You know spring is finally here when you find yourself throwing your extra blanket off in the middle of the night. You decide you will start opening your window and let in all that fresh air as you sleep because (yay) the weather is really turning. And you fall asleep with a smile on your face. 

But that smile becomes lethal when a half hour after you fall asleep, fire trucks scream past your house in response to a call from two towns away. “Great! Just great” you tell yourself for the next hour as you try to settle yourself again. 

And a smile is nowhere to be found at 4:45 a.m. when the birds in the tree outside the window begin caroling each other and one of them is seriously out of tune. It’s more of a squawk. After 10 minutes of that you begin formulating a plan to get even with the squawker by either setting off a smoke bomb in the tree or blowing the tree up altogether. At least that is the plan until someone has had their coffee – which I don’t drink so it took me longer to find a less violent solution: 

The window fan. 

It’s rumbly so it will drown out most noises and make the room cool enough to put that extra blanket back on the bed —  except … I moved the bed.  

It was because of another one of my bright ideas that snowballed into an avalanche. I’d always been a tiny bit jealous that my sister got our grandmother’s cedar chest. I don’t know why I was because I hate the smell of cedar but I finally put an end to the green-eyed monster by buying one at a flea market last summer. It was pretty banged up and it sat in the garage for a good six months waiting for the hubby to bring it to life, which he did and it’s gorgeous. 

Now where do I put it? The plan all along was to line it with garbage bags and store as many quilts in it as I could because I have a serious overload here. A quick scan of the downstairs led me to know it should be upstairs. And wouldn’t it be pretty at the foot of my bed — if only my bedroom didn’t have so much furniture in it. To make it work I gave away my old treadmill even though there was nothing wrong with it other than I don’t need two of them. The recipients chipped some molding carrying it out.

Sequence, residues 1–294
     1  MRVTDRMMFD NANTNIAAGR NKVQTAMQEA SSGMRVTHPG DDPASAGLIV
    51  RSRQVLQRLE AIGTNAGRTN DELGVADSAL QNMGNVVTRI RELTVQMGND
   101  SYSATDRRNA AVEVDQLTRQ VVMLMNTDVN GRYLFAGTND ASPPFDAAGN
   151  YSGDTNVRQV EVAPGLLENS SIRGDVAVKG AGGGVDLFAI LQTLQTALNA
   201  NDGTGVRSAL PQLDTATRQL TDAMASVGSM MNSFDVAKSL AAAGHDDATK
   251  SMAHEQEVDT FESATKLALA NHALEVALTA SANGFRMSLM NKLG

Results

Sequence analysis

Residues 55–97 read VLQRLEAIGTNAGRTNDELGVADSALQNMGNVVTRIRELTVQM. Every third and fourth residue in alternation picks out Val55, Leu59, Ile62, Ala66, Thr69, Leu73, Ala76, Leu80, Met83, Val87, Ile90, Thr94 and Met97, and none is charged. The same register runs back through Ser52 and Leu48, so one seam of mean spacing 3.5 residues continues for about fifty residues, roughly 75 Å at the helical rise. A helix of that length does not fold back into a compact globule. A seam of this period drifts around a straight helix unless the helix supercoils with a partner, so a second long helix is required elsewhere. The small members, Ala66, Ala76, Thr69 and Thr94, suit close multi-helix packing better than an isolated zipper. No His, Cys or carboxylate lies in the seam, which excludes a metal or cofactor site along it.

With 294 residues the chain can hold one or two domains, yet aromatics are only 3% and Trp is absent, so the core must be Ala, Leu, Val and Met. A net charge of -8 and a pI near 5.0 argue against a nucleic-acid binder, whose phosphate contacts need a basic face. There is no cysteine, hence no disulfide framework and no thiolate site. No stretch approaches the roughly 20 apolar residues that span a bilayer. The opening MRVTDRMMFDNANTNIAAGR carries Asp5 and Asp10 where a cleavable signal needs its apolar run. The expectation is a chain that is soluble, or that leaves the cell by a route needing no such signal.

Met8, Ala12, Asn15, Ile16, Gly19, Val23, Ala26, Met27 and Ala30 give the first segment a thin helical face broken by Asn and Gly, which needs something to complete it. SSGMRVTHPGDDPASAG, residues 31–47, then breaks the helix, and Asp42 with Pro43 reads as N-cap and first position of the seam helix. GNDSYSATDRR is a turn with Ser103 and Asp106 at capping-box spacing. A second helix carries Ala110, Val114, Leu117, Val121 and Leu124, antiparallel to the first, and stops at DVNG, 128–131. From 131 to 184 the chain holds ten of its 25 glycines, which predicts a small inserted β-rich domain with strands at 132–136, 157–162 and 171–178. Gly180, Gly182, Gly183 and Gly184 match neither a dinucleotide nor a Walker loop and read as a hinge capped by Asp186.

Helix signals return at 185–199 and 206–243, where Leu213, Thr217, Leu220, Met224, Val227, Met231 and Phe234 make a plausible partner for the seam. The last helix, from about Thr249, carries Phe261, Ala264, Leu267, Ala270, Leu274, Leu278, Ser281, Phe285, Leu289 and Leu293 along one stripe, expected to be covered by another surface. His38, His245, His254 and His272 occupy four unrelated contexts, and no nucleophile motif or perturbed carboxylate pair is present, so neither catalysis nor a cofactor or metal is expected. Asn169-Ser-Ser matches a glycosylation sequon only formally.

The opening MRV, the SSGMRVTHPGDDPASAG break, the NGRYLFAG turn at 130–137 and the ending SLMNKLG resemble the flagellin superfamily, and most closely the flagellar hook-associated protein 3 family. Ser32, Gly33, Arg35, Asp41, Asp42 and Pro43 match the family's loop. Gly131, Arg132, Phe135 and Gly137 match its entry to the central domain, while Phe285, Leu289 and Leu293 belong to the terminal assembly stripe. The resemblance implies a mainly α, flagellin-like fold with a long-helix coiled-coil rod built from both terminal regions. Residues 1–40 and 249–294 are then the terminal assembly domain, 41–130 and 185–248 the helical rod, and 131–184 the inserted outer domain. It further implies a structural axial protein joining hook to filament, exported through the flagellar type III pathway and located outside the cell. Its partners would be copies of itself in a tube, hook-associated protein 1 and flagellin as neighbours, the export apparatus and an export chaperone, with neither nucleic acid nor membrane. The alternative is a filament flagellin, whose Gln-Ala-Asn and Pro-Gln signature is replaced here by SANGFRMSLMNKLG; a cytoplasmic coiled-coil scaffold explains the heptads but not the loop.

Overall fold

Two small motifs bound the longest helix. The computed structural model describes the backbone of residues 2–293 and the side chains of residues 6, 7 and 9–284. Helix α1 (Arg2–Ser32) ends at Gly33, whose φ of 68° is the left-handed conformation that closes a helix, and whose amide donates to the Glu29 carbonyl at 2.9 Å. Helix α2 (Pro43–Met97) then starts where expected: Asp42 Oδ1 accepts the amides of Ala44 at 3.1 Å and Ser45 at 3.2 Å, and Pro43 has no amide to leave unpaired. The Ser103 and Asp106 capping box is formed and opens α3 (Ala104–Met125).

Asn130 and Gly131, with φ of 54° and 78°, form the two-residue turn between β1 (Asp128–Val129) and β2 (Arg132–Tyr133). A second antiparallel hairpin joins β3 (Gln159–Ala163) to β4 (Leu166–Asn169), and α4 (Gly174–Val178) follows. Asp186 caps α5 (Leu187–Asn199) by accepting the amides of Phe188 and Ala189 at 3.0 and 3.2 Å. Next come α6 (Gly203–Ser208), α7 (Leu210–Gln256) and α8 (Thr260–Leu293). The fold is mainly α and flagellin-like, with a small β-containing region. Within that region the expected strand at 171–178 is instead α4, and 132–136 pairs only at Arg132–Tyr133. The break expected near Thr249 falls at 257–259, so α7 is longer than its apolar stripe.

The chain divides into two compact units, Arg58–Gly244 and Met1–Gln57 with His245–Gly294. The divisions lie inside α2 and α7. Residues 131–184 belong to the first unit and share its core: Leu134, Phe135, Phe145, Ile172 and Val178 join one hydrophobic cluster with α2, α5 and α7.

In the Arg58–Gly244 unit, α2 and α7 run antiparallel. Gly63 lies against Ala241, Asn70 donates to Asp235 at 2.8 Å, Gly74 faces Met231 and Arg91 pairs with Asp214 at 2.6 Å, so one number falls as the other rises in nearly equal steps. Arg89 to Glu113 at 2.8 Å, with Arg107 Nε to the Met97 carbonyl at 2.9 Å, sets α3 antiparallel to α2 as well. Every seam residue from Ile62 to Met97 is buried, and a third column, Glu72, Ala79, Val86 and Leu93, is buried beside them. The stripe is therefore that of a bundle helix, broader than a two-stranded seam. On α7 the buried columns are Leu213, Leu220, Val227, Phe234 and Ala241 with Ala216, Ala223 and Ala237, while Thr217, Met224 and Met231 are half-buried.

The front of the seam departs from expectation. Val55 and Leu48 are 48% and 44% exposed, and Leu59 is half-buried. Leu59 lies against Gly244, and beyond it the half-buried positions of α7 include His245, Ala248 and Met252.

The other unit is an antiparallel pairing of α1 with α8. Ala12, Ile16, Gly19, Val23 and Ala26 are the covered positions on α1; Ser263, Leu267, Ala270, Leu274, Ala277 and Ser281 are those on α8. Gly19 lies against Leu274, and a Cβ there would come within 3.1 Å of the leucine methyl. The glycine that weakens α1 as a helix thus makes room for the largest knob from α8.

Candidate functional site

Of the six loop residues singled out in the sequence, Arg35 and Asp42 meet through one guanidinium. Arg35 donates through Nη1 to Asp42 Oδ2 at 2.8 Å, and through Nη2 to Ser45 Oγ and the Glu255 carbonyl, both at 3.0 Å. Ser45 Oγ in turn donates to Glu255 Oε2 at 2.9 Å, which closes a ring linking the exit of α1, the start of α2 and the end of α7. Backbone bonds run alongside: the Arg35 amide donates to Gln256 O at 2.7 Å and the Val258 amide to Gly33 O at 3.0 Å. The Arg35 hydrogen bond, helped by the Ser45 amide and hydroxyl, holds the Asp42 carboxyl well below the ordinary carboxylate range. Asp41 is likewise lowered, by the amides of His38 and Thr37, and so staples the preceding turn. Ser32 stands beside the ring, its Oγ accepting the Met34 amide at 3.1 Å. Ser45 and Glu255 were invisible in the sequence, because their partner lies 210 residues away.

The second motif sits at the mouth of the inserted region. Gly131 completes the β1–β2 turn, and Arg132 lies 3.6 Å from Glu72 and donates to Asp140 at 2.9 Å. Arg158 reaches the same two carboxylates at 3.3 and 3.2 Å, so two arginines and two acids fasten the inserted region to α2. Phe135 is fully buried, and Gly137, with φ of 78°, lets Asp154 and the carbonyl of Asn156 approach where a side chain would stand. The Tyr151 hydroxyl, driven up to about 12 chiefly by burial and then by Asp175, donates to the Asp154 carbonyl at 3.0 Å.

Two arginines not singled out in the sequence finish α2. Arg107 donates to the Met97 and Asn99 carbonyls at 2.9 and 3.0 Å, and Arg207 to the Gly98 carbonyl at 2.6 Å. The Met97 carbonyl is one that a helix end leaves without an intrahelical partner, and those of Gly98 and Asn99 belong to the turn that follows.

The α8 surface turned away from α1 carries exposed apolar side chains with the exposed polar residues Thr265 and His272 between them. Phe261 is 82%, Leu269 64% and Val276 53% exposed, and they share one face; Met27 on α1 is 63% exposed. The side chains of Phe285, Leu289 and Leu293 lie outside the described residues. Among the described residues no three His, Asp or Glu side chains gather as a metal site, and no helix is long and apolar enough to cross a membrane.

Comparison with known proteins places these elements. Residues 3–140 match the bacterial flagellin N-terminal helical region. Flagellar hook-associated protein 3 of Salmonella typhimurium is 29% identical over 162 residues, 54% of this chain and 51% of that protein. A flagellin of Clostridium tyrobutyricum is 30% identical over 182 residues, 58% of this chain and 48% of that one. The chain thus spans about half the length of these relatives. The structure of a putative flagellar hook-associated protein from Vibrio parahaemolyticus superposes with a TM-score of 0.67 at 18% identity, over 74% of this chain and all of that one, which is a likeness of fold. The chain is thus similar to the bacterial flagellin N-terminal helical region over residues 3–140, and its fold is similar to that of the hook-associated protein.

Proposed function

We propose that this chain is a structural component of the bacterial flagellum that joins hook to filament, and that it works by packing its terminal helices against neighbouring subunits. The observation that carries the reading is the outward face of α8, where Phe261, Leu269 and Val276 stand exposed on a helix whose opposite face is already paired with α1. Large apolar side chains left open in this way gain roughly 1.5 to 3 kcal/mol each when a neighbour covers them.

I placed one of the dressers on a sheet and dragged it down the hall to another bedroom, gouging the cherry hardwood floor along the way. My attempts to iron the gouges with a wet washcloth improved the ruts but now I have a trail of iron shapes running the length of the hallway. It’s a good thing I’m married to a carpenter — who will fix these things — when he gets around to it. 

Because the room is long I felt I could really gain some space by moving the bed away from the window and putting it against the side wall. I was also able to super clean the room in the process. 

The downsides to rearranging your bedroom after 30 years are plentiful:

Parts of the carpet that were never walked on before are now so high it’s almost a trip hazard.

 The gullies from where the bedframe rested are equally treacherous. 

The bed is no longer under the light so using it to lay out fabric choices is useless.

 I can now see myself in the full length mirror in the bathroom as I climb into bed and have a compelling need to tell my reflection goodnight.

Making my way to the bathroom in the middle of the night without tripping in the uneven carpet or stubbing my toes on the cedar chest has become a dangerous mission. I’d almost prefer to wet the bed.

The cedar chest is something I now have to work around when changing the sheets.

And last but definitely not least, there’s the window fan that blows nice cool air onto my dresser while I simmer into a fine stew in the dead space that is now my place of slumber. I had to get a stand fan to blow the cool air in my direction and it’s just one more thing to dodge in the middle of the night.

Obviously I’m taking a poll to find out how long I must suffer before it’s safe to ask the hubby to put the bed back where it belongs. But then I will need to find a new spot for the cedar chest, which is slowing becoming a thorn in my side. 

 

debbiehough@hotmail.com

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